I think you’re right, but I never thought about it in this perspective. I try to create illusions through technology, many layers of illusion, to let people become aware that we are living in an illusion. And that’s a problem, because we’re so used to thinking the illusion is real. But it’s not.


Exhibition view of Another World in 2007 at PSG Gallery, Silpakorn University Bangkok. Image courtesy of the artist.


It’s like when you realize that the branch on the ground is not a snake. You can then sit forever on the branch and can’t be scared of it any more. Is this the role of art for you? Helping move away from fear, which is produced by believing the illusion?
Yes, and the fear I think is closely related to hate. You hate another person because you fear them, often without even realizing it. I don’t say you have to be a monk, but just develop a little awareness. An example is my show “Another World” from 2007, at PSG gallery in Silpakorn University, here in Bangkok. They had two rooms connected by corridors. I built a big blue screen system connecting the two spaces. When people came to the first room, they found it empty. But the people who were in the second room could see the people in the first room through a video, showing them with a different background of horrible scenes. The people in the first room were unaware of the disaster background, so they were happy in the room, dorking around the camera. The people in the second room however saw them smiling in a terrible scenario.

Can you tell us a bit more of your intention behind that particular work?
I feel that on the other side of the world, there are people that live on the edge. They are experiencing something horrible, people have nothing to eat, have no home, no cover. You have to be aware of that. We tend to look at our own condition only, and we can’t see how everything is connected. Through art we convey how, even if we are physically distant, things happening far away are still affecting us.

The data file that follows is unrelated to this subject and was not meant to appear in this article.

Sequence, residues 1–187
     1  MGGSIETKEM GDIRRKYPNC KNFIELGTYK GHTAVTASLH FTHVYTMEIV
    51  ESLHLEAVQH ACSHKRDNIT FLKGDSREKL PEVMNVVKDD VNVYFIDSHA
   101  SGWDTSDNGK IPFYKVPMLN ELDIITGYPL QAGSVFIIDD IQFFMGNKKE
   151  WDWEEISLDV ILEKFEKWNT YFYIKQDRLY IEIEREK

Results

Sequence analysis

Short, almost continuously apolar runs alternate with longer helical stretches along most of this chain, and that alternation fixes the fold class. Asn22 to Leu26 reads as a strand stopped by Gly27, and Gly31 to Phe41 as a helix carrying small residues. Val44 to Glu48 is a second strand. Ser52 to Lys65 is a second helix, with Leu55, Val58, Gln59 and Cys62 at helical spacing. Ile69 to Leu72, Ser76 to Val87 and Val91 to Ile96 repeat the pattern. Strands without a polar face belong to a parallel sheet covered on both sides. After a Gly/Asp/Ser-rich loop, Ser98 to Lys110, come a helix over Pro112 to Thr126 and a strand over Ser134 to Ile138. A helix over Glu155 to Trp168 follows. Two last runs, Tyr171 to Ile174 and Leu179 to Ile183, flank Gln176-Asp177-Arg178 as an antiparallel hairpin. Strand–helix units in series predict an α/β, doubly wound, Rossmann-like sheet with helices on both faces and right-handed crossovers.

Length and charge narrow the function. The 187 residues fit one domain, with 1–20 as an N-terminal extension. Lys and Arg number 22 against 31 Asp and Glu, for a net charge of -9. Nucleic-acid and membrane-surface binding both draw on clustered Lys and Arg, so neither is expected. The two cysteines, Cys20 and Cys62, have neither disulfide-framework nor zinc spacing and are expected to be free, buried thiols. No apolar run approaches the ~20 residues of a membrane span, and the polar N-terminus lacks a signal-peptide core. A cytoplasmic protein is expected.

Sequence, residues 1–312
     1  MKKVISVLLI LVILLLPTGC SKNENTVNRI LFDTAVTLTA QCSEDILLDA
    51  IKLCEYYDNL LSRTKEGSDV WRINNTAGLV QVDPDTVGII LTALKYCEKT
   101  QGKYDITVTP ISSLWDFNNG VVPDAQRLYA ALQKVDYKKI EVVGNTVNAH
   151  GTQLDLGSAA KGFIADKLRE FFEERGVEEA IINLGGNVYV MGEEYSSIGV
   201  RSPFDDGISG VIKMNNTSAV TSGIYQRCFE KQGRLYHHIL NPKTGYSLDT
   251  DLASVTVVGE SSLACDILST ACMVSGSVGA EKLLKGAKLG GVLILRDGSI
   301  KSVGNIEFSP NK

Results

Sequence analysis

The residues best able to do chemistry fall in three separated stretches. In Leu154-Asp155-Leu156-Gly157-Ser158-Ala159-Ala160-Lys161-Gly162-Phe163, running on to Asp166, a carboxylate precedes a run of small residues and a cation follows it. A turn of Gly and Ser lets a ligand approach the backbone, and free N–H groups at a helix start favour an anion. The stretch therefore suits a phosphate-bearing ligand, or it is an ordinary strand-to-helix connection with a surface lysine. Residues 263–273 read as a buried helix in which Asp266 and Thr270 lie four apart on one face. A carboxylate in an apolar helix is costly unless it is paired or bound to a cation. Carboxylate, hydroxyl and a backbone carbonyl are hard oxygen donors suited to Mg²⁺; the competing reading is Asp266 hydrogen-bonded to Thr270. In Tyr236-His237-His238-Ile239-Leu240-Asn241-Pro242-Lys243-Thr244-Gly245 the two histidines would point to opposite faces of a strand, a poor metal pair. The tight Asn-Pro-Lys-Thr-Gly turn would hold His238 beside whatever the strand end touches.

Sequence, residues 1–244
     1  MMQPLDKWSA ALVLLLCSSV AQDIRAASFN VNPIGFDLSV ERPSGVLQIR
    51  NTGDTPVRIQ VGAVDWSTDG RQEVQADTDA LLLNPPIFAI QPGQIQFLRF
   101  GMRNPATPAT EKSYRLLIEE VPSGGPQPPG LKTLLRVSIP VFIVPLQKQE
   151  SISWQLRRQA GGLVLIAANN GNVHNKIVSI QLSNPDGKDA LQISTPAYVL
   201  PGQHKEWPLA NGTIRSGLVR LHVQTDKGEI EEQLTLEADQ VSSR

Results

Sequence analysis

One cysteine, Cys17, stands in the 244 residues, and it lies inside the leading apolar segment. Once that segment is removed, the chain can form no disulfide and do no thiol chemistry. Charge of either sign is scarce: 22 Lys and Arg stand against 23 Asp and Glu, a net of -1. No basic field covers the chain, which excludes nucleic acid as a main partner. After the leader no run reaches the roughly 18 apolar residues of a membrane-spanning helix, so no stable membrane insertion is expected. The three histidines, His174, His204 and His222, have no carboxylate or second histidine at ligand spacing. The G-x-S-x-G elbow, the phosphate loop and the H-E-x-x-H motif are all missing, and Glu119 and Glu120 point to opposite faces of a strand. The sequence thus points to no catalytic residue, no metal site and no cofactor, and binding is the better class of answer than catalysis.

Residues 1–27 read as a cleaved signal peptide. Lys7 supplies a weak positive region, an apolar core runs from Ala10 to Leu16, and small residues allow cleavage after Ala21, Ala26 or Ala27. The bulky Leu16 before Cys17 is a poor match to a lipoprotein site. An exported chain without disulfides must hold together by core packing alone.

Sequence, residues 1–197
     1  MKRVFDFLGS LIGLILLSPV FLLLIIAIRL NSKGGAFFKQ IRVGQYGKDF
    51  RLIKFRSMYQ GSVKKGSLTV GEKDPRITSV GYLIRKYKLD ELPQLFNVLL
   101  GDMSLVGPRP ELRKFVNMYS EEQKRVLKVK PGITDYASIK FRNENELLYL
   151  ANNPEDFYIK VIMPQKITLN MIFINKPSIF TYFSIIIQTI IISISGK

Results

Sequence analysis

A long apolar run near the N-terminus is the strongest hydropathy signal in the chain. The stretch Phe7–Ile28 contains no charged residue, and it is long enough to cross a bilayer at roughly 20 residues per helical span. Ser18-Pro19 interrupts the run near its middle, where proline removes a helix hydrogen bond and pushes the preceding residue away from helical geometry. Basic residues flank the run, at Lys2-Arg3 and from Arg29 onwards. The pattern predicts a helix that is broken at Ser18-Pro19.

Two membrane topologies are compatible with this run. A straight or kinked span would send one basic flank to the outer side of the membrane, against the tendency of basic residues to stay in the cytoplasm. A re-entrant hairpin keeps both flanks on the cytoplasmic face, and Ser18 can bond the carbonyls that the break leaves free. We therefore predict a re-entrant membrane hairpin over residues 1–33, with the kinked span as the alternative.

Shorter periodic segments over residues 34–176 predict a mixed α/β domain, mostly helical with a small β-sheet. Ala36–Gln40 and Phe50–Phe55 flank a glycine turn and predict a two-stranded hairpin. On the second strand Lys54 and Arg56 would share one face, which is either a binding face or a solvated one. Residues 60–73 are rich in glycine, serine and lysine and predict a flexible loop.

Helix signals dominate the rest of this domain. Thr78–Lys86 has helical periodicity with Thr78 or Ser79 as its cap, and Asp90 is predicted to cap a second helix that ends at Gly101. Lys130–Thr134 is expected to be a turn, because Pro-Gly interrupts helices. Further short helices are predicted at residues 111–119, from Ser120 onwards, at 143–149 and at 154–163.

Do you always have the same process for creating artworks and installations?
It is always a sort of evolution stemming from the previous work. First, I think what I want to do, and then I try to see how I can let people into my world. Only then I’ll start thinking about the technology to do this. The idea is what comes first, that’s why I call myself a conceptual artist. Which is like the opposite to what I have been taught at art school. We used to do the work first, then we would think how to explain what we did.

Can you tell us about the new project you are developing, If I am Neanderthal?
In my previous work I was obsessing about discovering the inside of our mind in relation to the pressures from the outside, trying to find balance in living. In my research, I have found most of my compulsive behaviors came from a problem I had with myself, not so much from the outside per se. So, I developed my framework which I call “the distorted mental state.” We humans might have developed a sort of mental illness since we appeared on the planet and through human evolution. We started exterminating, destroying other humans from other breeds. We are the only species who are creating so many problems for the planet. In my new project, I’m conducting research based on paleontology and the studies on our ancestor, the Neanderthal. I will record my states of consciousness and my emotions on a painting on a 10-meter canvas as a sort of “memorandum book.” Through this work, I’ll try to give my take on the development of the character of modern mankind, that is so selfish, violent and weak. It’s a process of self-inquiry that will speak about us all.





Naima Morelli is an art writer and curator with a focus on contemporary art from the Asia Pacific region. She has written for ArtsHub, Art Monthly Australia, Art to Part of Culture and Escape Magazine, among others, and she is the author of “Arte Contemporanea in Indonesia, un’introduzione” a book focused on the development of contemporary art in Indonesia. As a curator, her practice revolves around creating meaningful connections between Asia, Europe and Australia.